Would you refuse to play any further?
Play on - a file a grievence?
Get Captains envolved?
Go Postal on them?
Just take one on the chin and not start a fight?
Get to point back by calling one of their's out?

You have to at least mention that they are not allowed to do that, you cant just let it go totally. Perhaps they dont even know the rules or they are trying to pull one over on you.

Like spot said, there is nothing wrong with calling them out on it and just flat out telling them that. "I'm sorry but you cant do that....."

Dont get upset over it obviously and dont get confrontational, but you have to at least point it out to them. If they are cool it's up to them to let it go, not you, they are the ones that are wrong here.

If they want to fight over it instead, well then hopefully you brought your rulebook. (or make them show you there rulebook)

The funny thing in these suggestions is the person trying to enforce the rules for themselves is sometimes made out to be the bad guy because they are being "mean", but I think it's the other person's problem for either not knowing the rules, or trying to pull one over on you.

spot
02-17-2009, 01:05 PM
I think if you are talking about a more arcane and more technical rule (foot fault, hindrance) then its a different conversation. But in this case its cut and dried. You just calmly tell the person what the rule is. If they don't believe you then you show them the rule in the rulebook. I don't really see where the problem is.How far you take it? The question is how far your opponents are goign to take it when they are wrong on the rules. I don't really see what control you have over that. If they got heated about it then I think it would be even more important for them to know what the real rule is so they could be spared from embarassing themselves in the future.

JavierLW
02-17-2009, 02:43 PM
I think if you are talking about a more arcane and more technical rule (foot fault, hindrance) then its a different conversation. But in this case its cut and dried. You just calmly tell the person what the rule is. If they don't believe you then you show them the rule in the rulebook. I don't really see where the problem is.How far you take it? The question is how far your opponents are goign to take it when they are wrong on the rules. I don't really see what control you have over that. If they got heated about it then I think it would be even more important for them to know what the real rule is so they could be spared from embarassing themselves in the future.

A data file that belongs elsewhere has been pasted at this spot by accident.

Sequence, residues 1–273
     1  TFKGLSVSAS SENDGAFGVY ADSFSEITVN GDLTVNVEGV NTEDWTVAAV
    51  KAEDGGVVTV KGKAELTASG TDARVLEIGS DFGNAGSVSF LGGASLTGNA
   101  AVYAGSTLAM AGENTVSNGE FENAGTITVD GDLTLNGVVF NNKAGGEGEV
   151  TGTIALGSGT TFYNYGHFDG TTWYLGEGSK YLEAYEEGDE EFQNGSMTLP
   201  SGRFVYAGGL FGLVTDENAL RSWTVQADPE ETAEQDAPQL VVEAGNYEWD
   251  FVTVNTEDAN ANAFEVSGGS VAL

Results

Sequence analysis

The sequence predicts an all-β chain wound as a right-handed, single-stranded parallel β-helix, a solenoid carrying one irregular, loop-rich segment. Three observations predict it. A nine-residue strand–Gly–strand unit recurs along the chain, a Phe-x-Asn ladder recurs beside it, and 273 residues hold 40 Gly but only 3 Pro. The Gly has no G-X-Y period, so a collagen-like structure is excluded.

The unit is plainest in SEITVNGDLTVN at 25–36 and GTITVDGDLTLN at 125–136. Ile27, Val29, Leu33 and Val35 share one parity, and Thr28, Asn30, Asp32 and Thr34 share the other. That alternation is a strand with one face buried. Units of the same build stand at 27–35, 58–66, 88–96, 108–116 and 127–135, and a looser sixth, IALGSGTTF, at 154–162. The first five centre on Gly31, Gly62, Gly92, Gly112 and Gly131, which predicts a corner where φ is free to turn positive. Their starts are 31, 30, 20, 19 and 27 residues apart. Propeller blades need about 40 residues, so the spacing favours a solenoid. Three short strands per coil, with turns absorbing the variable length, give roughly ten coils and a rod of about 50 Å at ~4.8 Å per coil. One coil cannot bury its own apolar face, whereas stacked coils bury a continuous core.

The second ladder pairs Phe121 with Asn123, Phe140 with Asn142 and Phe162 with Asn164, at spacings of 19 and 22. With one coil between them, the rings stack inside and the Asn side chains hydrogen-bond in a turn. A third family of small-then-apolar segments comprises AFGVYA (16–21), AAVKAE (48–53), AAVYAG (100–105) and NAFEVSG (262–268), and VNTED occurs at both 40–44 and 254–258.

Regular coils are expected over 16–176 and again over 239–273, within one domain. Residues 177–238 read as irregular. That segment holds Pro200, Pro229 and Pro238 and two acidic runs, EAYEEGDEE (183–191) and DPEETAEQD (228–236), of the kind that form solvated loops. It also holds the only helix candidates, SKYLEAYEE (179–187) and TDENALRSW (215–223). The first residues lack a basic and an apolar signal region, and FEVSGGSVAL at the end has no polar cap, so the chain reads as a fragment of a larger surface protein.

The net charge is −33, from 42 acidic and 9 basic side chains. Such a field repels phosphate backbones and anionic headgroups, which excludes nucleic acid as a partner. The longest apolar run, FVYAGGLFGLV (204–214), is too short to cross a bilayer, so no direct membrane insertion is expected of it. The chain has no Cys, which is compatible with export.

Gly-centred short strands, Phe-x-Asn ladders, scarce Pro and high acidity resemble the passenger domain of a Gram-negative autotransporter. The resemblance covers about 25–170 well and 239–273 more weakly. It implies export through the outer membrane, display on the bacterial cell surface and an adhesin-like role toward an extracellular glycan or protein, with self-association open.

Sorry but I dont think you can pick and choose what an "arcane rule" is. What is arcane to you is not arcane to everyone.

And sometimes in the case of hindrance, it's not an arcane rule, it's just not used because most people dont know it's there. Yet if you have an opponent making annoying noises or groaning when he thinks his shots are going out yet they fall in (I had one of those Monday, he does that all the time), you may get really annoyed. And guess what? There is a rule to cover that situation...

Either way someone is in the wrong and it's their problem if it's getting taken too far, not the person who's pointing out that they are wrong.

That's the problem in a lot of these cases, people pick and choose what rules are "important" or just "technical".

(and Im talking about clear cases where we assume it's obvious that either someone's foot faulting or it's clear hindrance, like talking right about someone is about to hit the ball, etc.....)

cknobman
02-17-2009, 03:08 PM
Tell player D hes wrong and if he argues place the frame of my racquet against the side of his head.

Spokewench
02-17-2009, 03:11 PM
I would tell them that they cannot make late calls like that; that for the rest of the match, they need to call their balls timely. I would concede the point if this was the first time this had happened; and go on and play the rest of the game.

After all, I'm thinking the ball was out if he could see that it was out.

spoke

Geezer Guy
02-17-2009, 03:43 PM
My understanding is that it's OK - ON CLAY - to inspect the mark of the last ball hit in a point to see if it's in or out, and make the appropriate call.

That's ONLY on clay. On a hardcourt, you must make a call immediately.

JavierLW
02-17-2009, 04:11 PM
My understanding is that it's OK - ON CLAY - to inspect the mark of the last ball hit in a point to see if it's in or out, and make the appropriate call.

That's ONLY on clay. On a hardcourt, you must make a call immediately.

That seems to be true, although if we carefully read the OP's situation it says: